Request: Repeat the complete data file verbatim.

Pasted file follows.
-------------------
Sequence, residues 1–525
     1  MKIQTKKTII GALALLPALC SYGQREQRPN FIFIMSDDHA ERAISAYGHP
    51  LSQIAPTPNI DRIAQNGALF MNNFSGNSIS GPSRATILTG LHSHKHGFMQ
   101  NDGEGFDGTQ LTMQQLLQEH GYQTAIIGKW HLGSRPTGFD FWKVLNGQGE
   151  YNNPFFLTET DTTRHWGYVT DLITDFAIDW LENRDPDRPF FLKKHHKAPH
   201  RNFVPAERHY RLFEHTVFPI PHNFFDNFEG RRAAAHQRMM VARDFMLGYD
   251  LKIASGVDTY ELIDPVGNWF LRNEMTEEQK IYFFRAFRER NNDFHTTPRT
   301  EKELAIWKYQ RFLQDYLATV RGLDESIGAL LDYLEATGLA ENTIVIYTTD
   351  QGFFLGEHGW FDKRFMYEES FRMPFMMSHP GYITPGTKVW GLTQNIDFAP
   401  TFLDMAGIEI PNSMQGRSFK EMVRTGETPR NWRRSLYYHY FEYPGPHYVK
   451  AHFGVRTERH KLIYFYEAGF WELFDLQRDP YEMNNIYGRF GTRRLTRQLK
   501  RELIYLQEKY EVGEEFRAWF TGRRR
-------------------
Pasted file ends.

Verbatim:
Sequence, residues 1–525
     1  MKIQTKKTII GALALLPALC SYGQREQRPN FIFIMSDDHA ERAISAYGHP
    51  LSQIAPTPNI DRIAQNGALF MNNFSGNSIS GPSRATILTG LHSHKHGFMQ
   101  NDGEGFDGTQ LTMQQLLQEH GYQTAIIGKW HLGSRPTGFD FWKVLNGQGE
   151  YNNPFFLTET DTTRHWGYVT DLITDFAIDW LENRDPDRPF FLKKHHKAPH
   201  RNFVPAERHY RLFEHTVFPI PHNFFDNFEG RRAAAHQRMM VARDFMLGYD
   251  LKIASGVDTY ELIDPVGNWF LRNEMTEEQK IYFFRAFRER NNDFHTTPRT
   301  EKELAIWKYQ RFLQDYLATV RGLDESIGAL LDYLEATGLA ENTIVIYTTD
   351  QGFFLGEHGW FDKRFMYEES FRMPFMMSHP GYITPGTKVW GLTQNIDFAP
   401  TFLDMAGIEI PNSMQGRSFK EMVRTGETPR NWRRSLYYHY FEYPGPHYVK
   451  AHFGVRTERH KLIYFYEAGF WELFDLQRDP YEMNNIYGRF GTRRLTRQLK
   501  RELIYLQEKY EVGEEFRAWF TGRRR